A brick can be composed of clay-bearing soil, sand, and lime, or concrete materials.
Bricks are produced in numerous classes, types, materials, and sizes which vary with region and time period, and are produced in bulk quantities.
It was at this time in London, that bright red brick was chosen for construction to make the buildings more visible in the heavy fog and to help prevent traffic accidents.
Modern, fired, clay bricks are formed in one of three processes – soft mud, dry press, or extruded.
Depending on the country, either the extruded or soft mud method is the most common, since they are the most economical.
The earliest bricks were dried brick, meaning that they were formed from clay-bearing earth or mud and dried (usually in the sun) until they were strong enough for use.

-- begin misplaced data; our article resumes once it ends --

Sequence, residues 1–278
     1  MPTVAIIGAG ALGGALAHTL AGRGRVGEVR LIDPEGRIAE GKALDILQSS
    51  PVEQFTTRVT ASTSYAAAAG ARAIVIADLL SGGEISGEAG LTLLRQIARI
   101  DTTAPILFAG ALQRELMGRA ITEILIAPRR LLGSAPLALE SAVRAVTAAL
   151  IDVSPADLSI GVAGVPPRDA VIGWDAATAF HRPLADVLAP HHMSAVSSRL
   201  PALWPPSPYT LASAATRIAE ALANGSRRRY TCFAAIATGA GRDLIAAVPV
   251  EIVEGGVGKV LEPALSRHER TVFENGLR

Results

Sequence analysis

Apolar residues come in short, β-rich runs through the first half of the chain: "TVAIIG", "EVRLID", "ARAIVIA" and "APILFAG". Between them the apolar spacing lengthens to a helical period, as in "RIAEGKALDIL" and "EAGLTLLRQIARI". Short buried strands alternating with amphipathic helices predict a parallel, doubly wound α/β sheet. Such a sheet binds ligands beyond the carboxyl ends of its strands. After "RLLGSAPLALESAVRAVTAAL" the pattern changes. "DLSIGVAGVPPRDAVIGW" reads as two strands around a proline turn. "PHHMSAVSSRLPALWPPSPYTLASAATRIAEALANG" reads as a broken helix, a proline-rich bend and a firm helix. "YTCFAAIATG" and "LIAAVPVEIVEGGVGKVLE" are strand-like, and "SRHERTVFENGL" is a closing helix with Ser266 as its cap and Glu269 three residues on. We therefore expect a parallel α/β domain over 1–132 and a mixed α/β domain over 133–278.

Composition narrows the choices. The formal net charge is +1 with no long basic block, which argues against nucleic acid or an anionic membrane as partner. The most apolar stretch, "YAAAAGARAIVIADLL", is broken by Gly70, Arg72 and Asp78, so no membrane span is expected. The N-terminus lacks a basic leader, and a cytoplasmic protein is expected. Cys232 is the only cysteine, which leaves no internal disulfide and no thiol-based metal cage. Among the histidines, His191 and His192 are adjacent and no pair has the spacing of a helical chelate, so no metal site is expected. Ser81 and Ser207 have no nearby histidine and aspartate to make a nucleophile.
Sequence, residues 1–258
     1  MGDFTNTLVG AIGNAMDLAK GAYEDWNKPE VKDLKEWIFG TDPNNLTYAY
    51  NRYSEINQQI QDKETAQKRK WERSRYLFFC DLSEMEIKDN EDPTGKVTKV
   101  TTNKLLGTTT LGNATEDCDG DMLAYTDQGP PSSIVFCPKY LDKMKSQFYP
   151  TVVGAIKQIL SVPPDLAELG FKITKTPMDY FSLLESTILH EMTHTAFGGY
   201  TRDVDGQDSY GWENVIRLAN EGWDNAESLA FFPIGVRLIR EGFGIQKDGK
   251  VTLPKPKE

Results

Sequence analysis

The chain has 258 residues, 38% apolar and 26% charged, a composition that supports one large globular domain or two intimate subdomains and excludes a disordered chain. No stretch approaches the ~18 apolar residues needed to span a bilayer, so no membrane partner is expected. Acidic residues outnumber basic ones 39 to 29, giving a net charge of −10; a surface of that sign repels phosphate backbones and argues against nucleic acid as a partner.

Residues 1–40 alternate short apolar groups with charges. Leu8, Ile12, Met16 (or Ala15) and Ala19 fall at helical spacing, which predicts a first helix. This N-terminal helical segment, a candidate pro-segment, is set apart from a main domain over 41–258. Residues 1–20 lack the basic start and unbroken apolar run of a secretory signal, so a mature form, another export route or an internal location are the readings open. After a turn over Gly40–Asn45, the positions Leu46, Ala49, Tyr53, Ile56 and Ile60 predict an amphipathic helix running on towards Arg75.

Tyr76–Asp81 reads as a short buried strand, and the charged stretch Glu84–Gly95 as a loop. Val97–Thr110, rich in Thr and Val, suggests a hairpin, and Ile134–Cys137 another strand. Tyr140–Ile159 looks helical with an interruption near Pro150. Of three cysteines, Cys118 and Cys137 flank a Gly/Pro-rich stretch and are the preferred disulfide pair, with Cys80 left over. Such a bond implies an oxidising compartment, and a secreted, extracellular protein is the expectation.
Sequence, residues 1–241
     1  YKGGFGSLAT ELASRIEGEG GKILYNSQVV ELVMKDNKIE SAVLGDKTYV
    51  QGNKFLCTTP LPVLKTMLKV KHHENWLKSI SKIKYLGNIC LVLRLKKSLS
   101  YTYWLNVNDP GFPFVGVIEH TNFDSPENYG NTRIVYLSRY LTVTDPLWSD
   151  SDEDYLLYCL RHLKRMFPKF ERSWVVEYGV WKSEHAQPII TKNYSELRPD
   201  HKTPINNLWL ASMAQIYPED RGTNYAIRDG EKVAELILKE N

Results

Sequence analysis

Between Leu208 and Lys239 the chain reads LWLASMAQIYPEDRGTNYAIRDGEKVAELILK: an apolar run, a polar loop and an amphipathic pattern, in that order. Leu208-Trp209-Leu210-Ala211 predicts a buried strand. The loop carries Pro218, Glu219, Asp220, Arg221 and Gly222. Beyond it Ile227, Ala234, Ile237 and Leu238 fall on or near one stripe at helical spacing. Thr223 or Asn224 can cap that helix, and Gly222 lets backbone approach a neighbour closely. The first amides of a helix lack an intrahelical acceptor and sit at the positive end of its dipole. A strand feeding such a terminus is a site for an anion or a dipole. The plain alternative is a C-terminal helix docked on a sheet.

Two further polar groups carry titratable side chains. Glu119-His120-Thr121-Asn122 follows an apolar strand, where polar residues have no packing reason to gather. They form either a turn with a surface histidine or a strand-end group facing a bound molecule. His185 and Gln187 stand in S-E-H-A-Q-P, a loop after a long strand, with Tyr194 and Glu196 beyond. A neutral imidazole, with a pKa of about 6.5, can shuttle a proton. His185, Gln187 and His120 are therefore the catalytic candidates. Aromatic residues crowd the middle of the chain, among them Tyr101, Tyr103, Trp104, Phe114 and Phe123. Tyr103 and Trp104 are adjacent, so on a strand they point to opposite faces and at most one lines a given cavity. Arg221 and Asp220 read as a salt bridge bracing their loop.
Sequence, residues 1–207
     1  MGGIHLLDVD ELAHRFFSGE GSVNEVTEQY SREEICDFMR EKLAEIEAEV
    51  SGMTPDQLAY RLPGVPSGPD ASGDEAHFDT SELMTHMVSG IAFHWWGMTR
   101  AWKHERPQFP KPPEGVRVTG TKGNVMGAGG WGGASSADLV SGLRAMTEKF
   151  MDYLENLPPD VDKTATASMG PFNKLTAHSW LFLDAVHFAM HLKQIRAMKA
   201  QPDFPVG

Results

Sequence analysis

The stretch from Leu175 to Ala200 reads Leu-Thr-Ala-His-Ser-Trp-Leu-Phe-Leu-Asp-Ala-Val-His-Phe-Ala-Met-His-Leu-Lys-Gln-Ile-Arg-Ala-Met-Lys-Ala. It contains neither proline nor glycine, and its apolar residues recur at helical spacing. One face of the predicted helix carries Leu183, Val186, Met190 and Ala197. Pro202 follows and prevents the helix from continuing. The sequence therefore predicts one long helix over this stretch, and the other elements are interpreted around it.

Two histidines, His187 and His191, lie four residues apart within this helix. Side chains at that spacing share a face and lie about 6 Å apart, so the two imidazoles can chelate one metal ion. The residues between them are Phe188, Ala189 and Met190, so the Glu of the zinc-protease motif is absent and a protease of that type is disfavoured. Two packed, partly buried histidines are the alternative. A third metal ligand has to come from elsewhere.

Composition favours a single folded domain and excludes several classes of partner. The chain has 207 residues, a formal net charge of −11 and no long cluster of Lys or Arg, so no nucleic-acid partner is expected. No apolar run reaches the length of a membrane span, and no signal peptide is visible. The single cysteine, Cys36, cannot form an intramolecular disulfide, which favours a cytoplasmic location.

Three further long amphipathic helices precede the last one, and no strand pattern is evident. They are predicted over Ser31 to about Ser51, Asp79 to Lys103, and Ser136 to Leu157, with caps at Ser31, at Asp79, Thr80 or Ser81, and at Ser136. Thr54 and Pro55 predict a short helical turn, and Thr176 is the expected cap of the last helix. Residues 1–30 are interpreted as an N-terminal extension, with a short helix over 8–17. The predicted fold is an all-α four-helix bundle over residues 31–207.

The oldest discovered bricks, originally made from shaped mud and dating before 7500 BC, were found at Tell Aswad, in the upper Tigris region and in southeast Anatolia close to Diyarbakir.
Bricks were produced on a larger scale under the Western Zhou dynasty about 3,000 years ago, and evidence for some of the first fired bricks ever produced has been discovered in ruins dating back to the Zhou.